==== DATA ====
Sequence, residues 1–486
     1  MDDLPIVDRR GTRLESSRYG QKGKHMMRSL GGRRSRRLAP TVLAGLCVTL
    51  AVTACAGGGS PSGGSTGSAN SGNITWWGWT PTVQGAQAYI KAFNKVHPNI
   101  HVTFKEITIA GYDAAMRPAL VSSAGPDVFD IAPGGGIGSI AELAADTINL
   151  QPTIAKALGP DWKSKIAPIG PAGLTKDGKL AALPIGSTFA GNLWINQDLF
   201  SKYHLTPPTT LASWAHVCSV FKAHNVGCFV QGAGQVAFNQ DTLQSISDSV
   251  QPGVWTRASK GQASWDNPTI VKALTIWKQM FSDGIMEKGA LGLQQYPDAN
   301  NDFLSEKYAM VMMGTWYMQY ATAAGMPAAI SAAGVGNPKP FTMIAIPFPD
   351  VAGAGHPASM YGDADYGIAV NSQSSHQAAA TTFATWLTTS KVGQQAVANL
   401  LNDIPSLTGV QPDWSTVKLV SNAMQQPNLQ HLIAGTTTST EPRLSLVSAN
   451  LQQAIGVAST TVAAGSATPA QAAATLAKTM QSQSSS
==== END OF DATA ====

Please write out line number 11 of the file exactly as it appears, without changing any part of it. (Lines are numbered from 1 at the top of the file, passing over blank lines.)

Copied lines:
   451  LQQAIGVAST TVAAGSATPA QAAATLAKTM QSQSSS